Brian Richardson

New New Orleans

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Review of 'After The Storm', editor David Dante Troutt, The New Press £13.99

"How could a loving god allow this to happen to so many people?"

In his foreword to After the Storm, Derrick Bell suggests that this question was posed by many bewildered people in the wake of the devastation caused by Hurricane Katrina last year. Heart-wrenching though the question is, it fails to address two fundamental realities.

Music Will Free Itself

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Review of Gilad Atzmon and the Orient House Ensemble, Touring

Gilad Atzmon is arguably the most outstanding artist to emerge on the British jazz scene in recent years. He can hardly be described as new, having recorded nine albums in the past decade, as well as performing with musicians as diverse as Ian Dury, Paul McCartney, Sinead O'Connor and perhaps most bizarrely, Robbie Williams. It is in recent years however that his star has shone most brightly - firstly with the release of the 2003 BBC Jazz Album of the Year Exile, followed last year by the widely acclaimed Musik.

Bob Marley: Roots Revolutionary

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The 60th anniversary of Bob Marley's birth is a great opportunity to celebrate his inspirational music, writes Brian Richardson.

Legend is the title of the one reggae album that every broad-minded progressive is guaranteed to have in their record collection. The word has become somewhat devalued through overuse, but few terms could more aptly describe the Jamaican music star Bob Marley. His iconic status is cemented by the fact that he died at the tender age of 36. Since then, like another 'soul rebel' Che Guevara, his handsome face has been immortalised on the T-shirts and bedroom posters of millions of young people.

The anguish and the optimism

Style and Society: Say it Loud, Still Black and Proud

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Brian Richardson explores how black culture has shaped post-war society.

Walk down any major high street or into any youth space in Britain and before long you will be confronted by the unmistakable signature of black British style. A uniform of hooded tops, trainers or Timberland boots and unfeasibly low-slung trousers.

Calling All Anti-Racists and Anti-Capitalists

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A handful of albums stand out among the popular music industry's early autumn releases.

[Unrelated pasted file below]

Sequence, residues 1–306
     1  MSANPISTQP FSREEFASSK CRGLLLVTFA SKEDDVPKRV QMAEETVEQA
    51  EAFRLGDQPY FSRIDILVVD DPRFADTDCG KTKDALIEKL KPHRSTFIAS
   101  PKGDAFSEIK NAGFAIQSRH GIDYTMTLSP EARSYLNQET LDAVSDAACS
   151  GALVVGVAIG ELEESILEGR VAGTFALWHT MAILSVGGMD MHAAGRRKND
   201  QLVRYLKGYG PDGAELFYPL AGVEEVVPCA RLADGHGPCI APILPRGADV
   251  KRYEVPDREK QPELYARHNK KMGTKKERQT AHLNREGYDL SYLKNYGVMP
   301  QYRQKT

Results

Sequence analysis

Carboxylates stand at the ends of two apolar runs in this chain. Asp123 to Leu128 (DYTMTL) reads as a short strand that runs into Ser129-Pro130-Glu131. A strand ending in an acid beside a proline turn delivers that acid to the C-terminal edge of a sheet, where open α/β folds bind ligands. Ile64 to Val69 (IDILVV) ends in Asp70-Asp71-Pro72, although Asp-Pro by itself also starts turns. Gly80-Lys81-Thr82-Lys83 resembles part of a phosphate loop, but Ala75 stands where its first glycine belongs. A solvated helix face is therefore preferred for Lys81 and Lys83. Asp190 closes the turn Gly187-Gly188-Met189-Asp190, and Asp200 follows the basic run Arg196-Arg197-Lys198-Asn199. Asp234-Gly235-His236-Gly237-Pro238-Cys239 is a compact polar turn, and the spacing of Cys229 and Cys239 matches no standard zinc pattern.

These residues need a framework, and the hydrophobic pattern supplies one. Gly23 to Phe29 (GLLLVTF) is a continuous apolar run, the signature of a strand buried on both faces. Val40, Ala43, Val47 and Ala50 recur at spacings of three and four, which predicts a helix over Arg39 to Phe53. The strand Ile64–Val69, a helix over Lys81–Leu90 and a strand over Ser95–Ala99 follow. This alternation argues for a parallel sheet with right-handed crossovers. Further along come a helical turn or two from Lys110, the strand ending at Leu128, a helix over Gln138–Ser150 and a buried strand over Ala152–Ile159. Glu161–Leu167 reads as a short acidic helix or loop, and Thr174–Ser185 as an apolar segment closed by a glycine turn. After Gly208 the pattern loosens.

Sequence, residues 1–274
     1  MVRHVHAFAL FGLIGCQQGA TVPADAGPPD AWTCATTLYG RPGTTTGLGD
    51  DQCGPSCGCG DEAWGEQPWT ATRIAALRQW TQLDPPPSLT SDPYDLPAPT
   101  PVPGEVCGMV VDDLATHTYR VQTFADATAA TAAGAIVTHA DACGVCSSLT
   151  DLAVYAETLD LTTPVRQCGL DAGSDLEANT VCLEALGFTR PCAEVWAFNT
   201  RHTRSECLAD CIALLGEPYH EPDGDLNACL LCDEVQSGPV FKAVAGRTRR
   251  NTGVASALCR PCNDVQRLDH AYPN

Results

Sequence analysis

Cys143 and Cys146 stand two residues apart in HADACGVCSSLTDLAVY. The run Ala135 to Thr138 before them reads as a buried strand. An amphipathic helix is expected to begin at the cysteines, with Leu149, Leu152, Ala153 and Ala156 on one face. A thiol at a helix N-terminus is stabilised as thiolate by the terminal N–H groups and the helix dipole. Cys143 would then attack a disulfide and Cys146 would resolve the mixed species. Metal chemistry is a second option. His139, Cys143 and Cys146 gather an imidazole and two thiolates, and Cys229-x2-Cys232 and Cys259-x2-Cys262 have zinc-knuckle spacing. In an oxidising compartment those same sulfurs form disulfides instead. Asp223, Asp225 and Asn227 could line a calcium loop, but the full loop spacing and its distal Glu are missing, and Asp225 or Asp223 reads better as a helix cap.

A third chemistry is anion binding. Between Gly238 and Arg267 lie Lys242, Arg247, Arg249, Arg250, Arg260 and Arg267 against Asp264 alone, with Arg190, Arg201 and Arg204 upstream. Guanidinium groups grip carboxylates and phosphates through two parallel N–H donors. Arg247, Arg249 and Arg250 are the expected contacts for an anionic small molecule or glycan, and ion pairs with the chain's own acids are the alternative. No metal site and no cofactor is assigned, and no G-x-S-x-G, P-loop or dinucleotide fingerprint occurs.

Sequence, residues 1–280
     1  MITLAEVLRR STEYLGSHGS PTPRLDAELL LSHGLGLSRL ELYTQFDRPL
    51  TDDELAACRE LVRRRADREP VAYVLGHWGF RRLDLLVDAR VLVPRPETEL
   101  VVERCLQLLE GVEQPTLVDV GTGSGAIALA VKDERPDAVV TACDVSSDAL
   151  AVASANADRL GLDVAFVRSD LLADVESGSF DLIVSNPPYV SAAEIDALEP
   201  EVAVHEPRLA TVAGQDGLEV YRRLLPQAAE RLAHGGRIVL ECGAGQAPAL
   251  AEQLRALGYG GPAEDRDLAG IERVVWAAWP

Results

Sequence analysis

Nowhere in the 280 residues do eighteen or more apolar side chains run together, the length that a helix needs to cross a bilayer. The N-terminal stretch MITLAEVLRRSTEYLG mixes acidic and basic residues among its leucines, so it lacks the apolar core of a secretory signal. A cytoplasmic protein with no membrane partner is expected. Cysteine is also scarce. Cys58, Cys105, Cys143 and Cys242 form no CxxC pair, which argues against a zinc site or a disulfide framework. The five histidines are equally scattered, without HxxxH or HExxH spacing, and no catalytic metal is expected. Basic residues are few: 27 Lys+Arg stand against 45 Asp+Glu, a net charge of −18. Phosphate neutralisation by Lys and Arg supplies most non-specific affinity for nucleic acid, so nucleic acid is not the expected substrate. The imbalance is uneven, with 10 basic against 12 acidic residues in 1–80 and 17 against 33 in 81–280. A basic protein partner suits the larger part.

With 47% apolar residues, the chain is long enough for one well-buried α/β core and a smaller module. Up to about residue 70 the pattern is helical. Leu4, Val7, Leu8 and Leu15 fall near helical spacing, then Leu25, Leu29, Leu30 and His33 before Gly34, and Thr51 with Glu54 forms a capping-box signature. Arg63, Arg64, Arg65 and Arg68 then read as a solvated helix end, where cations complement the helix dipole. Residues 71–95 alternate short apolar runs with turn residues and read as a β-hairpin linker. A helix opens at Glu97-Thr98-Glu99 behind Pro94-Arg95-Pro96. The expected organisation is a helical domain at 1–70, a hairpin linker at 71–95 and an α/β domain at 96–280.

The first is in fact a 25th anniversary reissue of the seminal Clash album London Calling. This is a must have album for anyone who wishes to get a taste of the raw, angry and unapologetic energy that catapulted punk onto the British music scene at the end of the 1970s.

The Man in the Street

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Review of 'A Grand Don't Come for Free' by The Streets

As Socialist Review went to press, Mike Skinner, aka The Streets, was a hotly tipped favourite to capture the Mercury Music Prize, one of the British music industry's most prestigious awards. Either way, Skinner has enjoyed a meteoric rise since he first burst onto the scene in 2002. His first album, Original Pirate Material, also received a Mercury nomination, but was somewhat surprisingly pipped by Ms Dynamite. Subsequently he has been compared to Bob Dylan, Samuel Pepys, Dostoyevsky, Philip Larkin and 'Gil Scot Heron relocated to the [Birmingham] Bullring'.

Left Field Glastonbury

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Is popular music turning radical?

Posing this question is not simply an act of wishful thinking here at Socialist Review. Rather it reflects a genuine debate that is finding an echo in sections of the music press. For example, Mojo magazine's lead feature in April was 'One Hundred Great Protest Songs'. It included a blazing red cover with a picture of a militant looking John Lennon and the headline 'Revolution in his Head'. Elsewhere the Scottish Arts magazine Product ran a cover article entitled 'Protest Pop: How radical music rocks the world'.

Hip-Hop Takes the Rap

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Hip-hop has arguably been the most influential popular music form of the past generation.

Artists such as Jay Z, Nas, Eminem and Missy Elliott have become household names, while the production talents of P Diddy, Dr Dre and Pharrell Williams are in constant demand. Nor has this impact been solely confined to music. The 'uniform' of low-slung jeans, Timberland boots, expensive trainers and designer tracksuits has become de rigueur among youth from Brooklyn to Brixton.

Personal Best

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Review of 'In Black and White', Donald McRae, Scribner £18.99

Books about sporting celebrities rarely capture the attention of socialists, and perhaps rightly so. The vast majority are instantly forgettable chronicles of 'glory days' ghost-written for performers with no obvious talents beyond their speed, strength, stamina or agility.

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